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Driving Cars

8 Comments and 19 Shares
It's probably just me. If driving were as dangerous as it seems, hundreds of people would be dying every day!
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growler
9 days ago
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6 public comments
rraszews
16 days ago
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If cars didn't exist and someone said, "Hey, I invented a two ton block of metal that can travel at 80mph and which is controlled manually by human beings with no automatic overrides to stop it ramming things. Let's make 90% of the adult population pilot one every morning when they're half asleep," it would be considered too ridiculous for fiction.
emdeesee
16 days ago
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"flying in formation with people you've never met"
📌 Lincoln, NE ❤️️ Sherman, TX
tedder
16 days ago
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yep. People don't understand how dangerous a 3000lb missile is.
Uranus
Covarr
16 days ago
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As high-profile as accidents involving self-driving vehicles have been, they are still far safer than human drivers. And they don't have to take a test in high school.
Moses Lake, WA
artmoney
16 days ago
what's the source for this? i haven't seen anything definitive on this.
Covarr
16 days ago
There is not enough available data to be absolutely certain beyond any margin of error, but: https://www.vtti.vt.edu/featured/?p=422
Covarr
16 days ago
https://www.axios.com/humans-cause-most-self-driving-car-accidents-1513304490-02cdaf3d-551f-46e6-ad98-637e6ef2c0b9.html
Covarr
16 days ago
Additionally, self-driving cars only get better with each passing year as their technology gets better. Humans aren't evolving nearly as quickly. (sorry for repeat replies; Newsblur doesn't allow me to put paragraphs in my comments with, say, Shift+Enter)
artmoney
16 days ago
of course there's no guarantee that that their safety will increase to the point that they're better enough
benzado
16 days ago
100% of the interest and investment in self-driving cars is for the cost savings. Period. Safety is a sideshow. Once they are "safe enough", we'll adapt our environments to accommodate the self-driving cars. It will be too lucrative not to.
matthiasgoergens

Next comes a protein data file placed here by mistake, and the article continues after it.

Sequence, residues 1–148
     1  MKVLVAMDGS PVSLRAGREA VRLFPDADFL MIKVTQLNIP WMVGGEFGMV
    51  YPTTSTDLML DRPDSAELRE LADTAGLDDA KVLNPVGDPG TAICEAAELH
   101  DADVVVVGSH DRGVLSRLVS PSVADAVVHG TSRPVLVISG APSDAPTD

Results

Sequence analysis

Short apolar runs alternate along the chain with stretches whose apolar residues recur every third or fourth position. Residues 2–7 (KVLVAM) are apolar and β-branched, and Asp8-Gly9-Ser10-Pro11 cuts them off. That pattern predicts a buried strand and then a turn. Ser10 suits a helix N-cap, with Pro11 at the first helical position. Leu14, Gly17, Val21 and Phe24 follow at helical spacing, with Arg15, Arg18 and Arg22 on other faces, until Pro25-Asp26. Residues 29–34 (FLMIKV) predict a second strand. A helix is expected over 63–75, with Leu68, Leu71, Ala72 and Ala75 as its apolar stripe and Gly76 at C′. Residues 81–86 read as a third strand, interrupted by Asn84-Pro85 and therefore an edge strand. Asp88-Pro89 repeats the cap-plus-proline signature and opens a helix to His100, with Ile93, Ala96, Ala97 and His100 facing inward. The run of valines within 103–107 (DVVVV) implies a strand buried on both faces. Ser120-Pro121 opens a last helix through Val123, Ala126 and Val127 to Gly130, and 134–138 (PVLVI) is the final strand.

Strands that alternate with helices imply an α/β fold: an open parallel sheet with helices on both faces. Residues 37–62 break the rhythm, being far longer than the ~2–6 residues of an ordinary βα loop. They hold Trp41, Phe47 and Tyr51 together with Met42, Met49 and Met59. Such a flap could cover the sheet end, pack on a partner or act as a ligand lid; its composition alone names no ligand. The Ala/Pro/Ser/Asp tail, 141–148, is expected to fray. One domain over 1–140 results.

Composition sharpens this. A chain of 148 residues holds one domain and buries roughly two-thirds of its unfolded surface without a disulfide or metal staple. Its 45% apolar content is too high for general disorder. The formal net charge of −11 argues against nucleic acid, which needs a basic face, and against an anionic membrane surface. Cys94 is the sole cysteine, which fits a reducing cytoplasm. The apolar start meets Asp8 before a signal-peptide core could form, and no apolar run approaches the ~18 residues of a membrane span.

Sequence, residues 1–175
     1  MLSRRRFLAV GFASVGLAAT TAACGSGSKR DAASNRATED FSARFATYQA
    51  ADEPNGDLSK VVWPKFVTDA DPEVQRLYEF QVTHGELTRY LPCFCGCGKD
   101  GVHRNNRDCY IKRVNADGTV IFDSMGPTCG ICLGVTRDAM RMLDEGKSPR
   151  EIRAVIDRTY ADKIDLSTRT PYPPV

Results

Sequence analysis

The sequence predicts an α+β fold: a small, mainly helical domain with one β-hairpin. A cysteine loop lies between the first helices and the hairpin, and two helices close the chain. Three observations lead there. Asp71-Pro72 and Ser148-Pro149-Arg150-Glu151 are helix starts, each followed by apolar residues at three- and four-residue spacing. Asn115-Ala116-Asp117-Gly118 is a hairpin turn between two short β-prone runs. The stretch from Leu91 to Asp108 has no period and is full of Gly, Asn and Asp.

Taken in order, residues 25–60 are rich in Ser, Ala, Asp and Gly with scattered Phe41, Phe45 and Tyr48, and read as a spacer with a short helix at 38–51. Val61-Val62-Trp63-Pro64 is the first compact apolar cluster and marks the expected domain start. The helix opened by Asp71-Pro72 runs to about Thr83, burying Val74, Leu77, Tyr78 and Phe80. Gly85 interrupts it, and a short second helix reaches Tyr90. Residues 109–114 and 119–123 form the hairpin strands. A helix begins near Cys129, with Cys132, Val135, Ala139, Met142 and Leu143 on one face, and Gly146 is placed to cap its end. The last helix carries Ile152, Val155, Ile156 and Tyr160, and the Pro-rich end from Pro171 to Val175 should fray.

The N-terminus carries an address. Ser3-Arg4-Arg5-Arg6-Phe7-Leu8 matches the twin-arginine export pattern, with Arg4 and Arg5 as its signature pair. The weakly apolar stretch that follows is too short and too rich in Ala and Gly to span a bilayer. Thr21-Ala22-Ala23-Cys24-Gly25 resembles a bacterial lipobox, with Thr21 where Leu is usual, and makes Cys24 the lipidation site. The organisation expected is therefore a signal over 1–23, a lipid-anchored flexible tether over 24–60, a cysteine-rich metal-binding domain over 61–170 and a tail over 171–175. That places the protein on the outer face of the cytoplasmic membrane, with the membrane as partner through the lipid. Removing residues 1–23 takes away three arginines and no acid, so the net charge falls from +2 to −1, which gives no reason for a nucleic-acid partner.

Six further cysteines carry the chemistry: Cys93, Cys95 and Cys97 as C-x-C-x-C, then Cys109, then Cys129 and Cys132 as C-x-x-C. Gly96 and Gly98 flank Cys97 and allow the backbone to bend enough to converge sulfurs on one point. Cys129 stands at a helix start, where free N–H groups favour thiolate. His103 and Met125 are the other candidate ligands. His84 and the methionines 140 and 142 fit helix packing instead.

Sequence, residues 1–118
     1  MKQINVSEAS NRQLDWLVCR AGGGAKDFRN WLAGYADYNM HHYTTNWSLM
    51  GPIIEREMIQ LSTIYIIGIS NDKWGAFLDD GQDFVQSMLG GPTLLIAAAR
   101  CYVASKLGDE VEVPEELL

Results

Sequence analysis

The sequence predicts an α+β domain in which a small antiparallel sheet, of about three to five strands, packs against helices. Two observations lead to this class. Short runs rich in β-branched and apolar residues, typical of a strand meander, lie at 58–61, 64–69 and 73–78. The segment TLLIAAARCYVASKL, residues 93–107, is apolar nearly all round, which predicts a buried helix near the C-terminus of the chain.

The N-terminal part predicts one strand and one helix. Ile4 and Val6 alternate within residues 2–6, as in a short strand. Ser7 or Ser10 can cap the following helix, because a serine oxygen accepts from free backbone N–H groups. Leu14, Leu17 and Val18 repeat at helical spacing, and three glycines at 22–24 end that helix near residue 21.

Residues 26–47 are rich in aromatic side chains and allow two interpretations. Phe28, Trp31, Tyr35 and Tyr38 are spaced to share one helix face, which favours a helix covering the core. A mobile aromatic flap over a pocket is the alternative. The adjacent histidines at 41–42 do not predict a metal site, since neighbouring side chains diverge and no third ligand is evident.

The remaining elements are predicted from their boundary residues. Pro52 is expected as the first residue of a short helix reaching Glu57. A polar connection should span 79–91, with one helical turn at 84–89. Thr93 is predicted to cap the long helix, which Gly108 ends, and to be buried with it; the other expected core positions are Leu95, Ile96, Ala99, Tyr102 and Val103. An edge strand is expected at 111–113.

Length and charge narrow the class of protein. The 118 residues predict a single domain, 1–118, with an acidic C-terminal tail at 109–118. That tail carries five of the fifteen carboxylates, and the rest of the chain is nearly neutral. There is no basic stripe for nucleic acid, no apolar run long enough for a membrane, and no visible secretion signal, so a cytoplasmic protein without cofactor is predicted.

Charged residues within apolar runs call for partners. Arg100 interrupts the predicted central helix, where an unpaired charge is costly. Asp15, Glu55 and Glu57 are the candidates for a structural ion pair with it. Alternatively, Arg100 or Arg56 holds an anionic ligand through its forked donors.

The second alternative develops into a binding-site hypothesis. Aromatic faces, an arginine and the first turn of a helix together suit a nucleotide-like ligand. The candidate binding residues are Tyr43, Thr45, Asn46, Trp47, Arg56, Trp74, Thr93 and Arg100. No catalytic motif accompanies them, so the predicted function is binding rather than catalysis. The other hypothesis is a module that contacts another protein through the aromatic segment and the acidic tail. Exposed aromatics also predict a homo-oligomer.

16 days ago
Liability and insurance (and reputation) turn extra safety into cost savings. Human driven cars have also become safer. Think eg of ABS.
benzado
15 days ago
Yes, replacing a human driver with a robot that can't ever sue you is a HUGE cost savings. I'm not saying self-driving cars won't be safer. I'm saying it is at best a minor concern for anyone who is paying to develop them.
llamapixel
14 days ago
Robots will always make mistakes. Entropy is a thing ;) http://moralmachine.mit.edu/
lamontcg
13 days ago
robots don't drive drunk, don't get tired, don't "race" because they think its "cool", don't have road rage and don't try to commit suicide by vehicle. pretty certain before too long that they'll be 100x better than we are at driving.
Covarr
13 days ago
artmoney, llamapixel: It doesn't need to be perfect to be worth it. It just needs to make fewer mistakes than human drivers. Reducing accidents is always better than not reducing them, even if it's not enough to eliminate them completely.
artmoney
10 days ago
the assertion that they are already safer is false. i'm not commenting on the future.
llamapixel
9 days ago
Covarr how does a lawyer fight for a closed source neural net suggesting it is not at fault, when might actually have avoidance systems to reduce crash costs. ?
alt_text_bot
16 days ago
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It's probably just me. If driving were as dangerous as it seems, hundreds of people would be dying every day!
alt_text_at_your_service
16 days ago
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It's probably just me. If driving were as dangerous as it seems, hundreds of people would be dying every day!

Цитата #449442

1 Comment
О пользе игр в народном хозяйстве. Воскресное утро. Заперлась в кабинете, работаю, муж с девятилетней дочкой в его кабинете предположительно играют в Elder Scrolls. Вдруг чу - музыка для моих ушей, пылесос. Я не просила, не делегировала, мало ли, думаю, рассыпалось чего, посмотрю на масштаб разрушений. Нет, все цело, сосредоточенный ребенок наводит чистоту. Я мужу - ?, муж - Тут выкатили новых персонажей и вещей, ей очень, очень хочется 1500 корон. Сказала, что за 1500 корон вытрет все окна и пропылесосит, ну и вот...
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growler
72 days ago
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900 рублей
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Цитата #449138

1 Comment
xxx> Для охраны неба над олимпиадой будут массово задействованы "противодроны" - дроны охотники за дронами.
yyy> Да устроили бы уже они бои дронов.
yyy> Зрителей больше будет.
yyy> Это же гораздо увлекательнее, чем смотреть как меряются миллисекундами высокооплачиваемые наркоманы.
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growler
93 days ago
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Кстати, да
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Цитата #449019